Roughly 90% of bank holding companies, which have between $10 billion and $500 billion in assets, already hold a 4.5% common equity Tier 1 capital ratio. Moreover, 70% of bank holding companies would meet the 7% capital ratio required under Basel III. The shortfall of capital that banks would raise most likely through retained earnings would be about $3.6 billion. For the largest banks above $10 billion of assets, the shortfall would be $6 billion.
Additionally, under the proposal, banks with extensive off-balance sheet activities would also have an additional leverage ratio of 3% to maintain. Those institutions would be expected to calculate and report their supplementary leverage ratios starting on Jan. 1, 2015, and meet the requirement starting in 2018.
Regulators said the revised capital ratios would be incorporated into the agencies' "prompt corrective action" process, the framework typically used to subject troubled institutions to enhanced supervision when their capital levels fall below a certain level.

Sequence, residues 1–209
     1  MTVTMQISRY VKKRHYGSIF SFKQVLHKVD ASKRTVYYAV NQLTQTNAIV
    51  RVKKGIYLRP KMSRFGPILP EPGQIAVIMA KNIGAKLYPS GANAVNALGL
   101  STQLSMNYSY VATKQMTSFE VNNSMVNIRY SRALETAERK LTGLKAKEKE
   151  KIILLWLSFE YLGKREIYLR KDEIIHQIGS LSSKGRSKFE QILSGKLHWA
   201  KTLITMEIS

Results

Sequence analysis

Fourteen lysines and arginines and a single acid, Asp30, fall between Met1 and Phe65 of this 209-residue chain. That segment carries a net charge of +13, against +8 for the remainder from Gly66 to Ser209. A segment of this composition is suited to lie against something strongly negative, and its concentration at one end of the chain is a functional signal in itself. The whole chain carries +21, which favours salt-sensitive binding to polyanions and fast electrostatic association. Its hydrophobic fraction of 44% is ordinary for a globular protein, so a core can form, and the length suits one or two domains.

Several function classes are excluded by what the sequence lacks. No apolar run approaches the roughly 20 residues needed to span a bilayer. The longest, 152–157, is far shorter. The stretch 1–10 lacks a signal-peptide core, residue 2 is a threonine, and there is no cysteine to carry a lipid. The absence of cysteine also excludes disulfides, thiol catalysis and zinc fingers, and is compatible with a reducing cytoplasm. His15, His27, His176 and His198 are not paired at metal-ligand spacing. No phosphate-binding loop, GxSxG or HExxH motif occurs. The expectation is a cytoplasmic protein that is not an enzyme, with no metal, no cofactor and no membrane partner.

These capital rules will become effective Jan. 1, 2013 as required under the Basel agreement, but firms would not be required to be in full compliance until 2019. Regulators are proposing a transition for certain requirements.
"The proposed transition arrangements aim to provide banking organizations sufficient time to adjust to the new capital framework while limiting any negative economic impact," the central bank said.
The proposals also specify a minimum capital conservation buffer of 2.5% for those banks which do not want to be restricted from issuing dividends or bonus payments to executives. If a bank fell below that additional buffer, it would potentially face limitations on capital distributions.
The draft rules also would revise definitions of capital to include only instruments that can absorb losses. For example, instruments like trust-preferred securities would be excluded from Tier 1. (Dodd-Frank has a similar provision.)
Additionally, items like goodwill, deferred tax assets and mortgage servicing assets would be deducted from common equity.